“Well, not then. Tsunade was there,” Sakura said cheerfully. It wasn’t untrue...
The customers at the other tables burst into furious conversation. Sakura resisted the urge to preen. Hell yeah she was good.
“You’ve seen his face?” One woman—old enough to be Kakashi’s mom—squealed. “What does he look like?”
Sakura snatched the last piece of sushi on her plate and stood up. “Sorry guys, my break is over,” she said. “Thanks for lunch!” Sakura bit into the roll, savouring the tempura fried shrimp in the centre, and strolled toward the door, hoping that none of them noticed how little sushi was left on their plates.
A hand on her arm stopped her before she could get out the door. Sakura stopped and smiled as innocently as she could—no, of course she didn’t have half a plate of sushi in her kunai pouch, why would you even ask? “Yes?”
“Um... I just wanted to congratulate you,” Kiku said. She blushed and looked away. “I know it must be annoying, everyone asking so many questions, but I’m sure they’re all very happy for you.”
“Aw, thanks, Kiku,” Sakura said, oddly touched. “That’s very kind of you.”
She smiled. “I’ll see you later?”
“Of course,” Sakura replied, ducking out the door and waving. “Bye!” she called, jogging across the street to the hospital.
“Shizune?” Sakura called, poking her head into the Medical Ninja’s Lounge. “You here? I need a second opinion—”
“You!” Shizune exclaimed, poking Sakura in the chest. “What are you thinking?” she demanded.
Sakura held the file folder in front of herself defensively. “Ah—that he has a bone splinter from breaking a rib? But the x-ray is blurry and I thought I’d double check...”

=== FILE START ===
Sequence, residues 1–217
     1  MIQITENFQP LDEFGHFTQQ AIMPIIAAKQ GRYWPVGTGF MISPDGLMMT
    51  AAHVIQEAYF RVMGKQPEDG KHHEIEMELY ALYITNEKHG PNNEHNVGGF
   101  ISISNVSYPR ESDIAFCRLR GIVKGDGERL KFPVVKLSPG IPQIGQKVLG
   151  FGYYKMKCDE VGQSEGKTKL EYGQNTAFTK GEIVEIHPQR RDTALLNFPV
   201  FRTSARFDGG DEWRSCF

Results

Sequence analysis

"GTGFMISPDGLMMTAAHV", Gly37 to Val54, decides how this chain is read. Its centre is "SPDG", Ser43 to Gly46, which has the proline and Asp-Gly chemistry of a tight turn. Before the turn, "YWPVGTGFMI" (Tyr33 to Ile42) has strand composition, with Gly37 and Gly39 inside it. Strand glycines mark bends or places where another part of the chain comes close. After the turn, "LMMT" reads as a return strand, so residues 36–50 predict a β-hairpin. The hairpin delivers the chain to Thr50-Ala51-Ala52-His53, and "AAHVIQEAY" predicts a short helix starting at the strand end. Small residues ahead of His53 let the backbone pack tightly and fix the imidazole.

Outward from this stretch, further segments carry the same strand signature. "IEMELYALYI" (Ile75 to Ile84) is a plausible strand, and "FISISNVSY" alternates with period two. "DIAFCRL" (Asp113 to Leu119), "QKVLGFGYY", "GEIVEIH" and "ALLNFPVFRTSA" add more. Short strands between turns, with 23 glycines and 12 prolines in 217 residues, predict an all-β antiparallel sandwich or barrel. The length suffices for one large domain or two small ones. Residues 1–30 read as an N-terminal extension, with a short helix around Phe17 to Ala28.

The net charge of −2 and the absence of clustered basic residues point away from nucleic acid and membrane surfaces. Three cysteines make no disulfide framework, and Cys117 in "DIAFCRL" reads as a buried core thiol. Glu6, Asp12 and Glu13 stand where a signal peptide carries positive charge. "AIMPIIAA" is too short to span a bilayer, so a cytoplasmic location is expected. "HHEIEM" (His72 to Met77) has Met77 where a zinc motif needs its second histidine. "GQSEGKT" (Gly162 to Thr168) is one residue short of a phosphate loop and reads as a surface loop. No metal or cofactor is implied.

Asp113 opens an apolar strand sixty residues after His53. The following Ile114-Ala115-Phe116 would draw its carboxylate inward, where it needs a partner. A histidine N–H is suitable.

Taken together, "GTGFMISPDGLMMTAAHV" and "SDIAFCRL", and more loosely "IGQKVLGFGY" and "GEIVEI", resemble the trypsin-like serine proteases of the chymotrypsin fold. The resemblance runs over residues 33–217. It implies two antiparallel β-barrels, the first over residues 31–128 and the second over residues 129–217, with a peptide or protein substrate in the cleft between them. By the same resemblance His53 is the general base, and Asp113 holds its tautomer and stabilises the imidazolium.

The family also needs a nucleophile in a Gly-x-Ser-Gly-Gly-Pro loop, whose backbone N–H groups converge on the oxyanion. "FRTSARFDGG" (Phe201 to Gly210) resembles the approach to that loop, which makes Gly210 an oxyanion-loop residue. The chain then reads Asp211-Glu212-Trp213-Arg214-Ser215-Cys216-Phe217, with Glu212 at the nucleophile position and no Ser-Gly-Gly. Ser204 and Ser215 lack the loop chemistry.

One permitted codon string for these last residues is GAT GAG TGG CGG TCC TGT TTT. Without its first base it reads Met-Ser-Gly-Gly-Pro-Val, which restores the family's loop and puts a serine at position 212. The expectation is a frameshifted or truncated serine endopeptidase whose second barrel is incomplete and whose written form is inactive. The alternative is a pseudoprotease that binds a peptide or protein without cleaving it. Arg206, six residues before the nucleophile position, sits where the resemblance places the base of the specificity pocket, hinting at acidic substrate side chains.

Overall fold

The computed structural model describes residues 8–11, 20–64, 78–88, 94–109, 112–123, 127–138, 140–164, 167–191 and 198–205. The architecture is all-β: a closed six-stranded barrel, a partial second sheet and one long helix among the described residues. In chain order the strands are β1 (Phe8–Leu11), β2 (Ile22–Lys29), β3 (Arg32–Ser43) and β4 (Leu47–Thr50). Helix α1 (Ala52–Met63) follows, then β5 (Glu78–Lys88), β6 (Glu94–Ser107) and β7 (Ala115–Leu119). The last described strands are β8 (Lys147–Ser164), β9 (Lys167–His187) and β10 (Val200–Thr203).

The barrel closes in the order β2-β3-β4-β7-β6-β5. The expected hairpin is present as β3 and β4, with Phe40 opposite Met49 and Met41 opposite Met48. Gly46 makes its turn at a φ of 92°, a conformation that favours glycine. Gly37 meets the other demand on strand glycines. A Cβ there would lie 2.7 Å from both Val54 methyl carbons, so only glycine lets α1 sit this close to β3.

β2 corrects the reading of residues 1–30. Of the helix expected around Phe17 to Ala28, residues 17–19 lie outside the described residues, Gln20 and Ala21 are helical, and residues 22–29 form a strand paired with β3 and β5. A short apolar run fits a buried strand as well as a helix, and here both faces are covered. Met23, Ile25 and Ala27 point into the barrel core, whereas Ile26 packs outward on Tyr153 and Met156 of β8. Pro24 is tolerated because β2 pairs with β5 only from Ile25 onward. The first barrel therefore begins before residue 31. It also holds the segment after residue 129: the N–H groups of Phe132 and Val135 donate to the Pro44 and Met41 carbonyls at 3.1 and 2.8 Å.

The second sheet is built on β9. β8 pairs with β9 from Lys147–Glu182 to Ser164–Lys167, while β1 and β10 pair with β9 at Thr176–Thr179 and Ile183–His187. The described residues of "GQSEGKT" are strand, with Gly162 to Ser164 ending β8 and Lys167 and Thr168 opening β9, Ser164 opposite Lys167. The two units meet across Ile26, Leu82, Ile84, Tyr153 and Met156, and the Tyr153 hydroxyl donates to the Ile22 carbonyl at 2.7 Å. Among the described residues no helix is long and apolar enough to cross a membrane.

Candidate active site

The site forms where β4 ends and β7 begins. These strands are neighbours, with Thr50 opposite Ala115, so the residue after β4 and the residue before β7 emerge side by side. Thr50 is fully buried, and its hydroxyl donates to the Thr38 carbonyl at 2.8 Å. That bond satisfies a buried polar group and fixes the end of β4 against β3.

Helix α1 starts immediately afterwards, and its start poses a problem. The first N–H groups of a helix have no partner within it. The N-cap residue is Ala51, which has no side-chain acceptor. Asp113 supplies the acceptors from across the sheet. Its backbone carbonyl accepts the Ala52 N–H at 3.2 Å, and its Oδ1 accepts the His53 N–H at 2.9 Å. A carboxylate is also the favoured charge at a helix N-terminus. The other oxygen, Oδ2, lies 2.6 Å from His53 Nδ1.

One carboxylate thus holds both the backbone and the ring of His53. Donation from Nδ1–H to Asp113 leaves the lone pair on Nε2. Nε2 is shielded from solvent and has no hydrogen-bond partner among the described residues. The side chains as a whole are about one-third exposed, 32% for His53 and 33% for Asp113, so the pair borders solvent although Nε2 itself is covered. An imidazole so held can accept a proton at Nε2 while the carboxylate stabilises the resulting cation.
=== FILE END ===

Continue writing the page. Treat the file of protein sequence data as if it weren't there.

Shizune grabbed the chest x-ray and held it up to the light. “Yep, bone splinter. Good call,” she said, handing it back.
That was a relief, Sakura thought, tucking it into the folder. “Great, I’ll go—”
“You are going nowhere,” Shizune snapped, running her hands through her hair, ruining the sleek lines she favoured. “Sit down.”
It took a couple seconds for Shizune to pull herself together. “You’re engaged? To your jonin-sensei?” Shizune asked stridently, saying jonin-sensei like it meant ‘filthy pervert who fucks corpses.’ “Did he...?”
Was there an excuse for deliberately feeding rumours about yourself so you could profit off other people’s interest? Sakura was unsure. “I...ahhhh—that is...” Sakura fumbled for words. “I mean...”
“I’m going to castrate him,” Shizune said in a tone of revelation, like she’d just realized her deepest desire. “Sakura? I need you to stay here and swear that I was with you the whole time.”
A puff of smoke billowed up beside her, clearing to reveal a clone. “My shadow clone will be, so it’ll be almost like the truth, right Sakura?” she said, patting Sakura on the hand.
“It’s not what you think!” Sakura said, grabbing Shizune before she could teleport out. “Please don’t castrate Kakashi?”